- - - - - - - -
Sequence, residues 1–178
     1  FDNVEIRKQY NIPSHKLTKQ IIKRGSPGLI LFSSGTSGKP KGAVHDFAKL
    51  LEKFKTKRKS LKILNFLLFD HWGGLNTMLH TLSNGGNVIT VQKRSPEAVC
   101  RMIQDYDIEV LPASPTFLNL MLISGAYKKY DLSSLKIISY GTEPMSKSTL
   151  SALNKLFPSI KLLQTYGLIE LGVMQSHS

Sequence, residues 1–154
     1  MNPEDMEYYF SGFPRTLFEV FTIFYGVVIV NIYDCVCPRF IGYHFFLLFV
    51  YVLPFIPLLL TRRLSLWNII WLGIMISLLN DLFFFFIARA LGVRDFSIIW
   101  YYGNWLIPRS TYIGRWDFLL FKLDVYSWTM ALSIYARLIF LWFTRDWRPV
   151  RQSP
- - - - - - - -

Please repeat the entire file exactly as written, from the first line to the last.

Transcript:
Sequence, residues 1–178
     1  FDNVEIRKQY NIPSHKLTKQ IIKRGSPGLI LFSSGTSGKP KGAVHDFAKL
    51  LEKFKTKRKS LKILNFLLFD HWGGLNTMLH TLSNGGNVIT VQKRSPEAVC
   101  RMIQDYDIEV LPASPTFLNL MLISGAYKKY DLSSLKIISY GTEPMSKSTL
   151  SALNKLFPSI KLLQTYGLIE LGVMQSHS

Sequence, residues 1–154
     1  MNPEDMEYYF SGFPRTLFEV FTIFYGVVIV NIYDCVCPRF IGYHFFLLFV
    51  YVLPFIPLLL TRRLSLWNII WLGIMISLLN DLFFFFIARA LGVRDFSIIW
   101  YYGNWLIPRS TYIGRWDFLL FKLDVYSWTM ALSIYARLIF LWFTRDWRPV
   151  RQSP